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Re: Publishing a new draft (HTML5+RDFa)

From: Sam Ruby <rubys@intertwingly.net>
Date: Thu, 30 Jul 2009 21:23:15 -0400
Message-ID: <4A724783.40203@intertwingly.net>
To: Maciej Stachowiak <mjs@apple.com>
CC: Leif Halvard Silli <lhs@malform.no>, Ben Adida <ben@adida.net>, Manu Sporny <msporny@digitalbazaar.com>, HTML WG <public-html@w3.org>, RDFa mailing list <public-rdf-in-xhtml-tf@w3.org>
Maciej Stachowiak wrote:
> 
> On Jul 30, 2009, at 3:49 PM, Sam Ruby wrote:
> 
>> In at least two cases (declaring what Google, Yahoo!, CC and others 
>> are doing with RDFa as non-conforming, and declaring what JAWS and 
>> other tools support with the summary attribute as obsolete) I see 
>> areas where I believe that intelligent people can reasonably disagree. 
> 
> The second part of that sentence is not an accurate reflection of what 
> the spec says. It says that *using* the summary attribute is obsolete, 
> and incurs a mandatory validator warning, but there's nothing obsolete 
> about implementing it, as JAWS does.

I still believe that this is an area where intelligent people can 
reasonably disagree.

It is theoretically possible to get all of the major browser vendors in 
a room and get them to agree, and where the spec has documented such 
agreement it is rock solid (yes, even in areas where it disagrees with 
other specs).

It is not possible to do the same exercise with authors, and where the 
spec attempts to influence behavior through mandatory warnings,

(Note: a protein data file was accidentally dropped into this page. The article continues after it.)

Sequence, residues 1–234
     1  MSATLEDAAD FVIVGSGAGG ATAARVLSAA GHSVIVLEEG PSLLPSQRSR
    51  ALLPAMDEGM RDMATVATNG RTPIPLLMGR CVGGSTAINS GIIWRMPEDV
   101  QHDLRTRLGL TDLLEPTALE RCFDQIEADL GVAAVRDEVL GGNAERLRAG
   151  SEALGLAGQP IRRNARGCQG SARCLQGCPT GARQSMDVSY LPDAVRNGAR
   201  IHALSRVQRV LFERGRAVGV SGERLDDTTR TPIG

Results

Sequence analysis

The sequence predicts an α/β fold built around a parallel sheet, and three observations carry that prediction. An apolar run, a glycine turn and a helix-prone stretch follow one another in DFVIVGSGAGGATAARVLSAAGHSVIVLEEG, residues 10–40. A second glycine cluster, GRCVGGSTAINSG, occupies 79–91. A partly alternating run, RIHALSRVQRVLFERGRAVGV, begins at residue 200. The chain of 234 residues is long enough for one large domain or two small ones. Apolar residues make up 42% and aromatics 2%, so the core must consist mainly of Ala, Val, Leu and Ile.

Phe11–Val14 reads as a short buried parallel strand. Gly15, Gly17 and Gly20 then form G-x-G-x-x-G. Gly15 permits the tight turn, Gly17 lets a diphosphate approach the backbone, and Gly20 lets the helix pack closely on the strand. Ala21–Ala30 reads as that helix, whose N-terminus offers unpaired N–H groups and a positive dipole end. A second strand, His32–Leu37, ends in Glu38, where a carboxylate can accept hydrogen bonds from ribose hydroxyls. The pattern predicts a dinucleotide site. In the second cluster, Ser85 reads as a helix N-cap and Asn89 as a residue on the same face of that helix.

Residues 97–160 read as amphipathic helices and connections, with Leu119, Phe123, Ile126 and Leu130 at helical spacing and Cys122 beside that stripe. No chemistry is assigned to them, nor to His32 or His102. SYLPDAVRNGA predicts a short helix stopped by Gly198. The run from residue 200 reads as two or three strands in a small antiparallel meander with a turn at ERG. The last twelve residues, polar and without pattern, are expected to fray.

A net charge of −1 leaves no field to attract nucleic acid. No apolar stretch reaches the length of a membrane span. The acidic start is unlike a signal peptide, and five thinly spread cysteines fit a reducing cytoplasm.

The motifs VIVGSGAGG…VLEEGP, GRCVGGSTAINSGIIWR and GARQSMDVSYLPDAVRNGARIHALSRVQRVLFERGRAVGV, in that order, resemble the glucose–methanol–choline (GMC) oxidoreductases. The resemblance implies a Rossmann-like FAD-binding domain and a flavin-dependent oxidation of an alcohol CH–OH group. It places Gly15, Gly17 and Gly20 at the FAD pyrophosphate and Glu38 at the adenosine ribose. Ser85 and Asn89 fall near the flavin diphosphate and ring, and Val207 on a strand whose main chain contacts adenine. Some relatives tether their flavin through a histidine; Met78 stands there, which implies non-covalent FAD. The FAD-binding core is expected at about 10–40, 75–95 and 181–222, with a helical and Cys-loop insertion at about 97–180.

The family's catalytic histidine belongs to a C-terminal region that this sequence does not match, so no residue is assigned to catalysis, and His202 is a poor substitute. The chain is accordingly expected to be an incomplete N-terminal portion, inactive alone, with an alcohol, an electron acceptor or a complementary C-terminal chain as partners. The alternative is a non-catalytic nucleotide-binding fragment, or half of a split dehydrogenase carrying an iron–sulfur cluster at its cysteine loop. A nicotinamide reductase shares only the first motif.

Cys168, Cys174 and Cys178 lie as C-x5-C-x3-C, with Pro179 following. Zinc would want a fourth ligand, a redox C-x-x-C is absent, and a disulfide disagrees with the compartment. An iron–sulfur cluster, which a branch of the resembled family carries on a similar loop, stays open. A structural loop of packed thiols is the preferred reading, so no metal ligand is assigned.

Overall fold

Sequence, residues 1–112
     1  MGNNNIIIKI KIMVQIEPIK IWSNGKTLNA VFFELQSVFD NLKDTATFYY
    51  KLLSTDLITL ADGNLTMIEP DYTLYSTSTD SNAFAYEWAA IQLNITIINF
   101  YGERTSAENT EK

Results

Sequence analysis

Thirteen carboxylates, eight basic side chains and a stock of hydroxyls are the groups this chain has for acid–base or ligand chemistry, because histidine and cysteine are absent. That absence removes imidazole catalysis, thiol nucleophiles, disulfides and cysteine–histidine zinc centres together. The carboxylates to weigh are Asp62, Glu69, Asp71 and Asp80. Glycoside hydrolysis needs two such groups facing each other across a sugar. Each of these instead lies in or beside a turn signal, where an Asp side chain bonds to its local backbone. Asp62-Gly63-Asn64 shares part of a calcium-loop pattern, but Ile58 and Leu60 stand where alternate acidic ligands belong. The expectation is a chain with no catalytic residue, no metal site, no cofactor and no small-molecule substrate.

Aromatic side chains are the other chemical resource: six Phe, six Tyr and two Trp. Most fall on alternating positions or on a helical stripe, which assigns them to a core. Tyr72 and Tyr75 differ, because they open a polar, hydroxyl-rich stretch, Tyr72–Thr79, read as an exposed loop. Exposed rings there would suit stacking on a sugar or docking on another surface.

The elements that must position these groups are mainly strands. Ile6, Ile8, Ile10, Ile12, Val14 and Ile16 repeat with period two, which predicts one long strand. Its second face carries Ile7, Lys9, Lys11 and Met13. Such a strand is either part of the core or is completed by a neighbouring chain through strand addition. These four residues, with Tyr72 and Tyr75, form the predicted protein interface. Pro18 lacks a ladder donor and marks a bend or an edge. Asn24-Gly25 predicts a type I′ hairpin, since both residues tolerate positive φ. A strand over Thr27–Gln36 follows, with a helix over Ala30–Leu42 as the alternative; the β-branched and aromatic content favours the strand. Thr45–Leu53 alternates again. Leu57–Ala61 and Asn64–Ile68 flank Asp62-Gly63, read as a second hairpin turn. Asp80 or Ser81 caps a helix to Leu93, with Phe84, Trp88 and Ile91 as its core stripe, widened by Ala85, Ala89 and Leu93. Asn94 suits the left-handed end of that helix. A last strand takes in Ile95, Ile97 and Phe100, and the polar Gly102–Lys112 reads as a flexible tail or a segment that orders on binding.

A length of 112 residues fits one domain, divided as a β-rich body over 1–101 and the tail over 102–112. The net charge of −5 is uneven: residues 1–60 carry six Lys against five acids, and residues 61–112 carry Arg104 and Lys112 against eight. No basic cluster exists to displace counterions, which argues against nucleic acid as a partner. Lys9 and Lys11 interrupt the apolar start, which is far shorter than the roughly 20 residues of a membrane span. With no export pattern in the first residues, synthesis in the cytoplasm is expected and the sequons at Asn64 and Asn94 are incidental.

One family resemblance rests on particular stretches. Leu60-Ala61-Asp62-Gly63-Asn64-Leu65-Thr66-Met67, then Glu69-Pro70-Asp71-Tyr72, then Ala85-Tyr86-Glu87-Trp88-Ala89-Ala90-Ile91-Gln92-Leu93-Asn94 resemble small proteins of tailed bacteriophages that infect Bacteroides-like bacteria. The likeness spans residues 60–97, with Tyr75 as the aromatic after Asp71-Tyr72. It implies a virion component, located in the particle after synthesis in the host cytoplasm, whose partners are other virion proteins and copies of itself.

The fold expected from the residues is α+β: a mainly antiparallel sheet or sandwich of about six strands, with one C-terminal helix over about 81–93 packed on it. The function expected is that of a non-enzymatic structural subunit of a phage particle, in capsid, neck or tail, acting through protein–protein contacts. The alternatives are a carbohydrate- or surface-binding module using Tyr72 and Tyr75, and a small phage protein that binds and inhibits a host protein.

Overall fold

particularly when those warnings disagree with the the recommendations 
of others and cases where the behavior produces observable behavior in 
tools like popular tools like JAWS (and, I learned today that this 
attribute is specifically exposed through Windows APIs to yet other 
tools)... lets just say that I fully understand that this is an area 
where intelligent people can disagree.

> Here's an interesting side note: HTML5 actually has a hook for 
> open-ended extension by other 
> specs. <http://dev.w3.org/html5/spec/Overview.html#semantics-0> "Authors 
> must not use elements, attributes, and attribute values that are not 
> permitted by this specification or *other applicable specifications*." 
> [emphasis mine]
> 
> While less formal than the XHTML Modularization mechanism, it seems to 
> allow a specification external to HTML5 could define RDFa additions 
> without also having to copy the full text of HTML5. Validators could 
> then choose to support profiles that do or don't support RDFa, based on 
> market demand. I think a draft that just defined the RDFa additions 
> would engender less potential controversy than a full alternative draft 
> of all of HTML5.

I understand and agree with your overall point.

I question why this is suggested for RDFa but not for micro-data.

> Regards,
> Maciej

- Sam Ruby
Received on Friday, 31 July 2009 01:24:24 GMT

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